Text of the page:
Tim Webster: Interview about Past, Present, & Future: Applied Geomatics Research Group
Dr. Tim Webster, is a renowned research scientist with the Applied Geomatics Research Group (AGRG) in Middleton, Nova Scotia. He is one of the top researchers in the geomatics sector, specializing in flood risk mapping, shoreline delineation, and landscape evolution utilizing LiDAR and other remote sensing techniques.
The AGRG was founded in 2000, through financial support from the Canada Foundation for Innovation. The team consists of a team of research scientists, research associates, as well as a variety of interns and graduate students. They began using various geomatics tools and techniques for environmental research in the Annapolis Valley. Since then, their geomatics research projects have expanded to include multiple partners from both private and public sectors.
Recently the Canadian Institute of Geomatics (CIG) Nova Scotia Branch (of which Tim Chairs) and the Geomatics Association of Nova Scotia (GANS), recently collaborated to host a high resolution mapping workshop at the Centre of Geographic Sciences (COGS). The event that attracted people from Nova Scotia, New Brunswick, Newfoundland, Ontario and even Sweden brought together experts from the geospatial community to learn about the recent technological developments and to exchange views on the future directions of high resolution in geomatics research, applications and services.
Bob Maher, now retired was one of the research scientists responsible for the creation of the AGRG. While attending the workshop on behalf of GoGeomatics Bob got the chance to chat with Dr. Tim Webster, and find out what the AGRG has been up since then.
Bob Maher: Tim, I want to congratulate you on a successful two day workshop. I was impressed by the range of participants: ranging from international business leaders like Leica GeoSystems and Digital Globe to the AGRG team, local industry including Stantec Consulting and Leading Edge Geomatics, plus a variety of government partners.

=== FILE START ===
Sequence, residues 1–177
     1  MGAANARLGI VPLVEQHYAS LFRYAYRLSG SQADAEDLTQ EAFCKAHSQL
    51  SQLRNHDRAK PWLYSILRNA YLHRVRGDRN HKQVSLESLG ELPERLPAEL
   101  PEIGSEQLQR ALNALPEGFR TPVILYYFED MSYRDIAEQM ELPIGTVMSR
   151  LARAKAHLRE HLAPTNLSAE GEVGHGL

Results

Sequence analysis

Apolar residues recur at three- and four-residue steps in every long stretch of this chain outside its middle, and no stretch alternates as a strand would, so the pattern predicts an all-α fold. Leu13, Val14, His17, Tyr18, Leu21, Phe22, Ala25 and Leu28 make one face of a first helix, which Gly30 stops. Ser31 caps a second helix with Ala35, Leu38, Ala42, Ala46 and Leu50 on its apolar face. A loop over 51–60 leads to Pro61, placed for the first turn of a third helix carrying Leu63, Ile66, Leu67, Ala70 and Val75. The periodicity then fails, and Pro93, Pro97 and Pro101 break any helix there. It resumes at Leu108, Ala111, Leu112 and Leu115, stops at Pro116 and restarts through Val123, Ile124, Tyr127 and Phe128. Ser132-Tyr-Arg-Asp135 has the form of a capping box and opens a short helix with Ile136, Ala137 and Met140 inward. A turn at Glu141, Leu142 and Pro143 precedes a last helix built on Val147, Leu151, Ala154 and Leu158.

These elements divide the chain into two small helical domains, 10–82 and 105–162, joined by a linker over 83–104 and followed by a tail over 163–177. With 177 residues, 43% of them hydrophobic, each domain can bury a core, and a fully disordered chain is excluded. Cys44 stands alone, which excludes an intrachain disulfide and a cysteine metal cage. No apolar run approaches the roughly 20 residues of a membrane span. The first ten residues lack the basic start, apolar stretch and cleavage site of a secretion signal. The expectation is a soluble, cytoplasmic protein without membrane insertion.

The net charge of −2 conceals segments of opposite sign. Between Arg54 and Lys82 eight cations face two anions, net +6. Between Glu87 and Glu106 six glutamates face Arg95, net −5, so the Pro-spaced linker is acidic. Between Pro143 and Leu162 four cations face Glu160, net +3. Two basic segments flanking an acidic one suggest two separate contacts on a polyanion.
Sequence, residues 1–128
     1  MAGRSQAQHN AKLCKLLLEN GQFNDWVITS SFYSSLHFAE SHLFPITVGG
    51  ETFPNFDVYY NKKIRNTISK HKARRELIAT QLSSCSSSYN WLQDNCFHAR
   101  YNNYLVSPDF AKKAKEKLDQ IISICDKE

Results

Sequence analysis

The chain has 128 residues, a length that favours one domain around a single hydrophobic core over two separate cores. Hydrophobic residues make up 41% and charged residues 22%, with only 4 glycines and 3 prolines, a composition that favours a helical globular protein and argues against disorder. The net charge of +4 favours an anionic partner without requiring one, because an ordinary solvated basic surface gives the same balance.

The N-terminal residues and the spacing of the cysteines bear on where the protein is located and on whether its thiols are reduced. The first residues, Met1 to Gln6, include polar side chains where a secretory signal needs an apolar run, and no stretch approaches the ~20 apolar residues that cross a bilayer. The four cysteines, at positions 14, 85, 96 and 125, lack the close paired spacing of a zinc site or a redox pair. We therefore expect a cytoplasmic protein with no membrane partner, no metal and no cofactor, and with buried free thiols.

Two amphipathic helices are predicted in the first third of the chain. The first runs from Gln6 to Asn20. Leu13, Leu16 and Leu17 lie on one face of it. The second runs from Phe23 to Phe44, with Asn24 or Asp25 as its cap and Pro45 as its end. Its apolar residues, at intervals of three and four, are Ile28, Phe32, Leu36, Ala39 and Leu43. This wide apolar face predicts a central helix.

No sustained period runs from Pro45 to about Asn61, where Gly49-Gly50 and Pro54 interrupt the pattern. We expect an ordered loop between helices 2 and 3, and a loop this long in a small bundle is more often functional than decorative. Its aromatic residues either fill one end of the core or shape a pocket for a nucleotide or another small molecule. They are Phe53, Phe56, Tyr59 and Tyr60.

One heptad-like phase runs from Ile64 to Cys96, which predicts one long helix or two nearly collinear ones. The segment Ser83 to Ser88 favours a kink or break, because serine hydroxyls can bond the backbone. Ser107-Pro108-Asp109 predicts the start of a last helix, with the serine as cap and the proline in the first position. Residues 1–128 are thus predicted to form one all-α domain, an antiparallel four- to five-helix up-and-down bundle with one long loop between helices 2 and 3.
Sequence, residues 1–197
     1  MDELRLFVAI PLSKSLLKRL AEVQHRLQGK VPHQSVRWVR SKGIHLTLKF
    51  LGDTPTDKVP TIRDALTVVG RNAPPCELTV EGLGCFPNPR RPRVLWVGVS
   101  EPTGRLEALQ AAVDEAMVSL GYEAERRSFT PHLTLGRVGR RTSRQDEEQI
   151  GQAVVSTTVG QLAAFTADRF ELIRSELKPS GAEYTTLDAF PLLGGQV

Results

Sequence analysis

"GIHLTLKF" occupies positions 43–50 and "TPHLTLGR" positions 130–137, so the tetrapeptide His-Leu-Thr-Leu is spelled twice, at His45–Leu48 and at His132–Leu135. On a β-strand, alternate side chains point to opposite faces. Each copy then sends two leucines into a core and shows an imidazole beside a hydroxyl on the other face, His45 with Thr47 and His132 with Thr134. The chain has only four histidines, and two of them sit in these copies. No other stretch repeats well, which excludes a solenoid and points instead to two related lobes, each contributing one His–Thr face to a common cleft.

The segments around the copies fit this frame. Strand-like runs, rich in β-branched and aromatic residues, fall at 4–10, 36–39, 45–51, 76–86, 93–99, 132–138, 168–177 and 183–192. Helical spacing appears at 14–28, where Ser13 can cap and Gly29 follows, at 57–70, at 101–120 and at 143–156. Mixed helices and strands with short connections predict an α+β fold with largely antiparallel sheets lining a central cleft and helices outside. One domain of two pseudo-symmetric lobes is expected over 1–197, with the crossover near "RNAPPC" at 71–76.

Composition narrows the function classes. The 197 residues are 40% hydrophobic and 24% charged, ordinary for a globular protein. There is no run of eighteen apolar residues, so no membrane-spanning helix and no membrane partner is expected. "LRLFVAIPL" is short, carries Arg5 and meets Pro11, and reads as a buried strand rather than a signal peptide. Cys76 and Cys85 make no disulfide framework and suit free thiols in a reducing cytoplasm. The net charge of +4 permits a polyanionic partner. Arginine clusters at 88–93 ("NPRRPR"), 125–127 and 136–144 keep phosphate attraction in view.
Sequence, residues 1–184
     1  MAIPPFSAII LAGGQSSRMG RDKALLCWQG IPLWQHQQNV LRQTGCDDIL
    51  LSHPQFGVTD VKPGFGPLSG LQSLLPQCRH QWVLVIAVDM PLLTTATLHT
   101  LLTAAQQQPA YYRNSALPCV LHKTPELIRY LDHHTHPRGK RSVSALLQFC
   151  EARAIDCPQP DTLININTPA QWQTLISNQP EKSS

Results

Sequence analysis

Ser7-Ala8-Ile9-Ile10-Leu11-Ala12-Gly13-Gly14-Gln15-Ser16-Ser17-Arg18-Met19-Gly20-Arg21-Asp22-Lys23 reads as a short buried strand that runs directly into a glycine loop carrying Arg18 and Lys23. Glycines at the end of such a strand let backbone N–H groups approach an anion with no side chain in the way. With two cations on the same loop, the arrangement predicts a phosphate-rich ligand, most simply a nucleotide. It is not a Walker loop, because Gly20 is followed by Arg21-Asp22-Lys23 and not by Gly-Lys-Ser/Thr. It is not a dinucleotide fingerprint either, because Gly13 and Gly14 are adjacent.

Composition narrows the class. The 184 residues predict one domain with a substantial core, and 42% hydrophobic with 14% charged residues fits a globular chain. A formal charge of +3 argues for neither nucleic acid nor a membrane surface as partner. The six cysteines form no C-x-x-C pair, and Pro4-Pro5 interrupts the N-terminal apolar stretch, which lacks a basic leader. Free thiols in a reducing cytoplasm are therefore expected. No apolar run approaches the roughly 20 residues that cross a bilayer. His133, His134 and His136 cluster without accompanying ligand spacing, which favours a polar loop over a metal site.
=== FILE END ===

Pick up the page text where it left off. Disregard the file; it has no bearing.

Tim Webster: Thank you, Bob. Having the CIG and GANS working together helped leverage more of the geomatics sector, and we were very pleased with the range and scope of both the presentations and the audience. I am sure that everyone who attended learned something and took home some new ideas, which in the end was the main objective of our workshop.
Bob Maher: We have worked together for many years. First at the Centre of Geographic Sciences (COGS) (e.g. TYDAC – Guilio Muffin and Michael Simmons) and then later at the AGRG (e.g. GeoNet – Mike Pearson and John Allen). I left the AGRG back in 2011, what changes have you seen in the last five years?
Tim Webster: Yes, we go back a long way to when I was a student and you were the department head and passed my major project on to TYDAC, which eventually led to them hiring me for my first geomatics job.
The biggest change since you left the AGRG has been the latest CFI grant, where I am Principal Investigator and it allowed us to purchase the Leica GeoSystem Chiroptera II topo-bathymetric LIDAR sensor. As well, we purchased some Leica GPS equipment, a MDL mobile laser scanner and an ocean worthy 24 foot boat. These tools combined together with our existing tools have allowed us to acquire data in areas where our previous technology lacked, now providing a more completed data set for more accurate analysis.